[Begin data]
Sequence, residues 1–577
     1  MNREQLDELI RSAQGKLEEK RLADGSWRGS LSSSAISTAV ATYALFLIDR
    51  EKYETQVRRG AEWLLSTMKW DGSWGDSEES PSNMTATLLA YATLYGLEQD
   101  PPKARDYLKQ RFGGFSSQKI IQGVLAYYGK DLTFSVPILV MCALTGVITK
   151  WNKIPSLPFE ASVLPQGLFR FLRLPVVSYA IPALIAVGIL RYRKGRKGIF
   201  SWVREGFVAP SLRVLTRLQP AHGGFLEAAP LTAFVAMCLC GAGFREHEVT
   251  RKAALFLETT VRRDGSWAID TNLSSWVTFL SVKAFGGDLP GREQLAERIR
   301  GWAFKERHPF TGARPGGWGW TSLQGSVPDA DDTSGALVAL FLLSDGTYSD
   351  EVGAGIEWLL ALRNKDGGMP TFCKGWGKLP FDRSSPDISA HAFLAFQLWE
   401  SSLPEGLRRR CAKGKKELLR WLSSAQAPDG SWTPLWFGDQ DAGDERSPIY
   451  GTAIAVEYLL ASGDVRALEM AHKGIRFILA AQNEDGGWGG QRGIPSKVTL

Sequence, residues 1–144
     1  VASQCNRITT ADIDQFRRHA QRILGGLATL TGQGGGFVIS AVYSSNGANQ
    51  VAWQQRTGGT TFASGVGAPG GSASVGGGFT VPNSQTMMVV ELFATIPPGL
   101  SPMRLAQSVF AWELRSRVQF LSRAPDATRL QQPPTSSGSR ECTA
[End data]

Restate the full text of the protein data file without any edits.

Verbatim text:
Sequence, residues 1–577
     1  MNREQLDELI RSAQGKLEEK RLADGSWRGS LSSSAISTAV ATYALFLIDR
    51  EKYETQVRRG AEWLLSTMKW DGSWGDSEES PSNMTATLLA YATLYGLEQD
   101  PPKARDYLKQ RFGGFSSQKI IQGVLAYYGK DLTFSVPILV MCALTGVITK
   151  WNKIPSLPFE ASVLPQGLFR FLRLPVVSYA IPALIAVGIL RYRKGRKGIF
   201  SWVREGFVAP SLRVLTRLQP AHGGFLEAAP LTAFVAMCLC GAGFREHEVT
   251  RKAALFLETT VRRDGSWAID TNLSSWVTFL SVKAFGGDLP GREQLAERIR
   301  GWAFKERHPF TGARPGGWGW TSLQGSVPDA DDTSGALVAL FLLSDGTYSD
   351  EVGAGIEWLL ALRNKDGGMP TFCKGWGKLP FDRSSPDISA HAFLAFQLWE
   401  SSLPEGLRRR CAKGKKELLR WLSSAQAPDG SWTPLWFGDQ DAGDERSPIY
   451  GTAIAVEYLL ASGDVRALEM AHKGIRFILA AQNEDGGWGG QRGIPSKVTL

Sequence, residues 1–144
     1  VASQCNRITT ADIDQFRRHA QRILGGLATL TGQGGGFVIS AVYSSNGANQ
    51  VAWQQRTGGT TFASGVGAPG GSASVGGGFT VPNSQTMMVV ELFATIPPGL
   101  SPMRLAQSVF AWELRSRVQF LSRAPDATRL QQPPTSSGSR ECTA